Moving behaviour in the Netherlands. A quantitative analysis of the influence of ethnicity on moving behaviour
Ethnic clustering is still persistent in The Netherlands nowadays. The causes of this clustering have been previously researched, but no comprehensive explanation can be found so far. In order to better understand patterns of ethnic segregation, it is important to look at moving behaviour of the Dutch population. This research investigates the influence of ethnicity on moving behaviour in The Netherlands. A focus is placed on the potential existence of reinforcing effects of urbanity and housing market conditions on the influence of ethnicity in relation to moving behaviour. To examine this influence, logistic regressions were carried out by using the WoON 2018 dataset, provided by the Central Bureau of Statistics. Native Dutch, Non-Western and Western respondents are compared in terms of the formation of moving intentions and the ability of actualising these moving intentions. A further distinction is made between different housing market conditions and whether respondents reside in urban or rural areas. The statistical analyses provided useful findings regarding ethnicity and moving behaviour. It shows that non-Western people have a significantly higher chance of having moving intentions and a significantly lower chance of actualising their moving intentions. This ability further decreases in tight housing markets. Whether people reside in urban or rural areas seemed to not have a significant influence on the formation of moving intentions, nor on the ability to actualise moving intentions. For Western minorities, it showed that they have a significantly lower chance of actualising their moving intentions, and this effect is reinforced in loose housing markets.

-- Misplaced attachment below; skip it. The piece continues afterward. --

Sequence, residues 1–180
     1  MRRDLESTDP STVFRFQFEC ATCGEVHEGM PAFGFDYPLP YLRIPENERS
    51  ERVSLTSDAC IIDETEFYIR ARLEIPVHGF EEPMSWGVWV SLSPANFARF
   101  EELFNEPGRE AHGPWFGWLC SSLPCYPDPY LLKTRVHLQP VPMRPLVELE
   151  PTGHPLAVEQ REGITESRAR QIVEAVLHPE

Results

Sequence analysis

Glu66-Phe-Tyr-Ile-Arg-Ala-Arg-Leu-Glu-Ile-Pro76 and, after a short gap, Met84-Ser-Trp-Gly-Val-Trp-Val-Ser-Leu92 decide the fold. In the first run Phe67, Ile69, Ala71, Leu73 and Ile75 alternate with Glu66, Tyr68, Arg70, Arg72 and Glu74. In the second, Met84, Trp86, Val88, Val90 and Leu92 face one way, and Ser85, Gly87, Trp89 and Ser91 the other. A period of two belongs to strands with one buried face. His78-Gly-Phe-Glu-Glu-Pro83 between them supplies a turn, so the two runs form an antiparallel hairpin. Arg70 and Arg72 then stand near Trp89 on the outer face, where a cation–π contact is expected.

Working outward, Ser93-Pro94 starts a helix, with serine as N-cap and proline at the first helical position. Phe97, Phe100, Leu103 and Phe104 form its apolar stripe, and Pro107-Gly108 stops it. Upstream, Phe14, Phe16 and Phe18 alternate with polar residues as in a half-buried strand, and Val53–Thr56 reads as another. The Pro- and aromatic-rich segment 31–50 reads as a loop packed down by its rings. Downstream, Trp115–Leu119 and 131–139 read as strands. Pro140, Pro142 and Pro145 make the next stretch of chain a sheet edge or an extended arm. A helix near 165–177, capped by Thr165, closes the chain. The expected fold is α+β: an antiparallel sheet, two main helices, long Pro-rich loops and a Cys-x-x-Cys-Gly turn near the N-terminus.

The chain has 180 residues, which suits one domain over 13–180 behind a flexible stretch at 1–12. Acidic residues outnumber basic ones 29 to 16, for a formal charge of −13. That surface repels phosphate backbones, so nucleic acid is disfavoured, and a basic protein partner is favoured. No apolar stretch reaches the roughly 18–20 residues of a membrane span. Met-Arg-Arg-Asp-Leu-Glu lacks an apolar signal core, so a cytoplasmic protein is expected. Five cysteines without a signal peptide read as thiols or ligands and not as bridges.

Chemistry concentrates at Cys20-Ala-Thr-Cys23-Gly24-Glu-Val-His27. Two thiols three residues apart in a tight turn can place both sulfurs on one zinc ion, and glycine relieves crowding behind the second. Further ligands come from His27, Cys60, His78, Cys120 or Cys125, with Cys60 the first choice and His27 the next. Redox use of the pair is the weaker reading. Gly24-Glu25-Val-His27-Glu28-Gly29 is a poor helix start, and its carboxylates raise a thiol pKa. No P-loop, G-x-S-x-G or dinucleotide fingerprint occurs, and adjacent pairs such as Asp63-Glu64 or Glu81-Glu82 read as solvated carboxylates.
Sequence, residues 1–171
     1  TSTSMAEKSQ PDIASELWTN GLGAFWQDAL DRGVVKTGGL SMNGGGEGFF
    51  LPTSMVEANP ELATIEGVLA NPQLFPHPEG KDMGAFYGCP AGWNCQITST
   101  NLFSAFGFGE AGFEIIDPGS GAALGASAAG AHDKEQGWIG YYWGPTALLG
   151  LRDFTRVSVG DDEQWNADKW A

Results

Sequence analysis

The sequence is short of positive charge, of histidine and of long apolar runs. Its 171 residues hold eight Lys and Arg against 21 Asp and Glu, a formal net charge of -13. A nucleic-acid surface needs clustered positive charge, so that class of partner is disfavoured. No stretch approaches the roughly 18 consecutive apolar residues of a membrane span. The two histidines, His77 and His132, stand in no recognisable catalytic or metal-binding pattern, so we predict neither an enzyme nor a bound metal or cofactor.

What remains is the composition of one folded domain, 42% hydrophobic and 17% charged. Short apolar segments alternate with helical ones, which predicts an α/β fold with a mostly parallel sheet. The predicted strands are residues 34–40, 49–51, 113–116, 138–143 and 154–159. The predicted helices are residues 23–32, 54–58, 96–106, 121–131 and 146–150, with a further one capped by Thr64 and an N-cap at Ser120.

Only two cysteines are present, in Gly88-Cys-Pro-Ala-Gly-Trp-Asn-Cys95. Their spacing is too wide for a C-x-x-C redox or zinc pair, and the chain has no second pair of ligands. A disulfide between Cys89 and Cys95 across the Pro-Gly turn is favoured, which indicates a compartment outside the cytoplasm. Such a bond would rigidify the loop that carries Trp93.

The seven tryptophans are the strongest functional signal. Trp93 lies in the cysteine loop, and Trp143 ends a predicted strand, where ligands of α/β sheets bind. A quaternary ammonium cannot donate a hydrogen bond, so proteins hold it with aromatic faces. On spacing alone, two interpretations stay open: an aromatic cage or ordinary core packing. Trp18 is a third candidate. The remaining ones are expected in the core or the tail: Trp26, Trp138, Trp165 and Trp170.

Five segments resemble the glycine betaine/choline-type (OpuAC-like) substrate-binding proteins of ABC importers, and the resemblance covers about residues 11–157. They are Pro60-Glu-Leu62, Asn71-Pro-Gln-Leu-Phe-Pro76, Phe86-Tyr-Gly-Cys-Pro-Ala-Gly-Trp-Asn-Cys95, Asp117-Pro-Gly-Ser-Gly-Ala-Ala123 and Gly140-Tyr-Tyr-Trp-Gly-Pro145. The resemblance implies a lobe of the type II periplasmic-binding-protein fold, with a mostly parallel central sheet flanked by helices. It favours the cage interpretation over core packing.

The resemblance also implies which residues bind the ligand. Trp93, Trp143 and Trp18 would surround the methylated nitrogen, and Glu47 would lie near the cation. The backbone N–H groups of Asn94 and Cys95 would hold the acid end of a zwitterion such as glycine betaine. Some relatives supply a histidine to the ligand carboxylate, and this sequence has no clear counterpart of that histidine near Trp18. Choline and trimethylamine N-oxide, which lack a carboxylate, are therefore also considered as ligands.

Faculteit der Managementwetenschappen